Procrastination in applying for DIN could cost you dearly
If you haven’t yet thought about applying for a Director Identification Number (DIN), the thought should activate the deed.
By 22 June 2022 (or possibly earlier – watch for the Governor-General’s proclamation) all established company directors, acting alternate directors and management committee members of “registered bodies” will need to have correctly applied for a DIN, or be prepared to face costly penalties.
For the first 12 months after the DIN regime begins, newly appointed directors will have an extra 28 days to apply for an identification number that will be used, especially by the Australian Securities and Investments Commission (ASIC), to track the business activity of all directors throughout their working lives.
When the new legislation has been operative for 12 months aspiring directors must have a DIN before appointment. However, when the DIN requirement becomes effective, it’s unclear how long before people who are directors will have before they must apply for a DIN.
It’s expected applicants will need to get their DINs from ASIC which, at the time this article was written, had yet to be named as the existing Commonwealth organisation required by law to establish and maintain a register of these numbers.
Who should apply for a DIN
Directors of all Australian companies, registered foreign companies or registered Australian bodies such as incorporated associations with an Australian Registered Body Number (ARBN) that are registered under the Corporations Act, as well as aboriginal and Torres Strait Islander corporations registered under the CATSI Act, should apply for a DIN.
If directors of CATSI organisations don’t apply for a DIN within the applicable time frame, they can face a civil penalty of up to $200,000. Directors of organisations registered under the Corporations Act can be penalised 5,000 units (currently $1,050,000), or three times the benefit derived/detriment avoided because of the contravention - whichever is higher.
People who attempt to undermine the new regime, for example by falsifying identification documents, may be subject to additional sanctions under civil and criminal law.
As “registered bodies”, the DIN requirements will apply to charities and directors of not-for-profit (NFP) organisations even if they’re also regulated under another law, such as the Australian Charities and Not-for-profits Commission Act 2012 (Cth).
Currently officers who are not directors of organisations, and people who are de facto or shadow directors, don’t have to apply for a DIN, although the legislation allows for this to change.
It’s therefore essential organisations and directors – as well as prospective directors – stay abreast not only of existing requirements relative to DINs, but impending modifications.
Practicality and flexibility are prime aims of the new legislation which allows people who are not a director but expect to become one within 12 months, to proactively apply for a DIN. The DIN would automatically be cancelled if the applicant wasn’t appointed a director within 12 months of receiving the DIN, but could be reallocated should the same person make a subsequent application.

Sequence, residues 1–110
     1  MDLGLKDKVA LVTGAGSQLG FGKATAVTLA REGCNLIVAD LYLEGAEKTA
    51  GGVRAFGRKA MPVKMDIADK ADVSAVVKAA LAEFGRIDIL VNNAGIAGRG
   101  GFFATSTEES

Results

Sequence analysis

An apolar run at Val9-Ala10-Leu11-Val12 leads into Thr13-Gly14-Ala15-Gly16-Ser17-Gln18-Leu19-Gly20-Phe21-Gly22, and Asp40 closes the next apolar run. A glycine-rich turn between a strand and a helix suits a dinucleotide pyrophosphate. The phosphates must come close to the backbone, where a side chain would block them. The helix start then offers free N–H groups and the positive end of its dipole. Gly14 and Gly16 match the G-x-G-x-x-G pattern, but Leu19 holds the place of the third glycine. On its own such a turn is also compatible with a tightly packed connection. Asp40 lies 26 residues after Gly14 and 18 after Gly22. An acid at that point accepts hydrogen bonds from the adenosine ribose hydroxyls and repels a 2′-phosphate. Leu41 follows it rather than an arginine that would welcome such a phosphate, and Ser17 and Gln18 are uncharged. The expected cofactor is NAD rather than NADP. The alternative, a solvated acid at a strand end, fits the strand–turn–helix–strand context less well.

Effects of the DIN regime
Unscrupulous directors involved in so-called phoenixing activity have been costing the economy between $2.5b and $5b for years. They have been using nick names, middle names, multiple variations of names, and pseudonyms to mask such activity, and the DIN is expected to substantially curb such behaviour. (For further information go to https://www.macksadvisory.com.au and type “phoenixing activity” in the search field)
Many companies will now have to update their procedures and records applying to directorships, and we expect under shareholder agreements the ability to secure a DIN will be a contractual condition for holding a directorship.
However, as the legislation stands, it appears companies needing to appoint directors in a hurry will face problems. Although the regime is scheduled to function from 22 June next year these still need to be addressed, and a period of “grace” allowed existing company officers to apply for a DIN from that date is still unknown.
At present ASIC doesn’t verify the identity of company directors. The new system is designed to ensure directors can only ever hold one DIN and are who they say they are. It will enable a continuous trace of business activity that deters the unscrupulous among them from attempting to dissociate themselves from failed companies by varying a name in documentation.
The end result
DINs, as part of a wider reform of company regulation, will also restore lost faith in various Australian business registers that operate 30-year-old technology, will speed recognition of connections between companies and their operators, and greatly assist creditors, administrators and liquidators who in the past have often had great difficulty locating directors during insolvency matters.
The likely appointment of ASIC as the DIN Registrar and a confirmed starting date for the regime are expected to be concurrent, and dependent upon the extent of global success in dealing with the COVID-19 pandemic.
The Registrar, once the scheme is operative and a director fails to apply for a DIN as required, can specify a time limit for compliance, issue infringement notices relative to civil and criminal penalties, and seek penalties against providers of false information including those attempting to obtain multiple DINs (for which penalties of up to $21,000 and/or 12 months imprisonment apply).
Note: contravention is an offence of strict liability that implicates anyone involved in it.